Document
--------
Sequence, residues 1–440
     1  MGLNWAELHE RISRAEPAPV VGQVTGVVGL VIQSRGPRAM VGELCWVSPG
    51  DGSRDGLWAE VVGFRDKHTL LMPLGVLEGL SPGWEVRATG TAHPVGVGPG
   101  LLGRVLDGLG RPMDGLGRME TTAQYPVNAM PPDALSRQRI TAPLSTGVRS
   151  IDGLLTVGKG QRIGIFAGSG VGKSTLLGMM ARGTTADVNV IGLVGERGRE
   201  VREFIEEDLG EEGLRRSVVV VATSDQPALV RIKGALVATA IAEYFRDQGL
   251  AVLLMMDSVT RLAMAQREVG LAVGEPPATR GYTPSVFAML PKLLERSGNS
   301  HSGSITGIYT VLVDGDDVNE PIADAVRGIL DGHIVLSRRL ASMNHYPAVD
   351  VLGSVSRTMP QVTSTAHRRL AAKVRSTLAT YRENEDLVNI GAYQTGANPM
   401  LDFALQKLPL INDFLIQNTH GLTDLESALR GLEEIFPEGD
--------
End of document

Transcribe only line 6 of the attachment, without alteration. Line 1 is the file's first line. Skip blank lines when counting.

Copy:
   201  VREFIEEDLG EEGLRRSVVV VATSDQPALV RIKGALVATA IAEYFRDQGL